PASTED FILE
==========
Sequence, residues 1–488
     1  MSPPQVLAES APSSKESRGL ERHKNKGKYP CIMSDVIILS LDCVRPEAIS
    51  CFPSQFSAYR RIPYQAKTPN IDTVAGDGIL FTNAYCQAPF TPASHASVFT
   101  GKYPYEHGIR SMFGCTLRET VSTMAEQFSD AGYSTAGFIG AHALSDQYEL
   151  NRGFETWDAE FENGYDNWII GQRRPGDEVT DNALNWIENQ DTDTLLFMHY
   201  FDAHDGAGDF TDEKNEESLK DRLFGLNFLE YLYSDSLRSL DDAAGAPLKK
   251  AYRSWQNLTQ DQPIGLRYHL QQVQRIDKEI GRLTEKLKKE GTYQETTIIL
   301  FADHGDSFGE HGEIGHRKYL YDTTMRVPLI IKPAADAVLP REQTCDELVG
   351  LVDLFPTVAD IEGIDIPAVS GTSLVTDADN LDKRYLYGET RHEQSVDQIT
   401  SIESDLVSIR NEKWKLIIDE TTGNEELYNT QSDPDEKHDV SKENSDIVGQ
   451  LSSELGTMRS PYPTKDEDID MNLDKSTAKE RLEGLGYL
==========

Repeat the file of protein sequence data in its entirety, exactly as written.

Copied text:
Sequence, residues 1–488
     1  MSPPQVLAES APSSKESRGL ERHKNKGKYP CIMSDVIILS LDCVRPEAIS
    51  CFPSQFSAYR RIPYQAKTPN IDTVAGDGIL FTNAYCQAPF TPASHASVFT
   101  GKYPYEHGIR SMFGCTLRET VSTMAEQFSD AGYSTAGFIG AHALSDQYEL
   151  NRGFETWDAE FENGYDNWII GQRRPGDEVT DNALNWIENQ DTDTLLFMHY
   201  FDAHDGAGDF TDEKNEESLK DRLFGLNFLE YLYSDSLRSL DDAAGAPLKK
   251  AYRSWQNLTQ DQPIGLRYHL QQVQRIDKEI GRLTEKLKKE GTYQETTIIL
   301  FADHGDSFGE HGEIGHRKYL YDTTMRVPLI IKPAADAVLP REQTCDELVG
   351  LVDLFPTVAD IEGIDIPAVS GTSLVTDADN LDKRYLYGET RHEQSVDQIT
   401  SIESDLVSIR NEKWKLIIDE TTGNEELYNT QSDPDEKHDV SKENSDIVGQ
   451  LSSELGTMRS PYPTKDEDID MNLDKSTAKE RLEGLGYL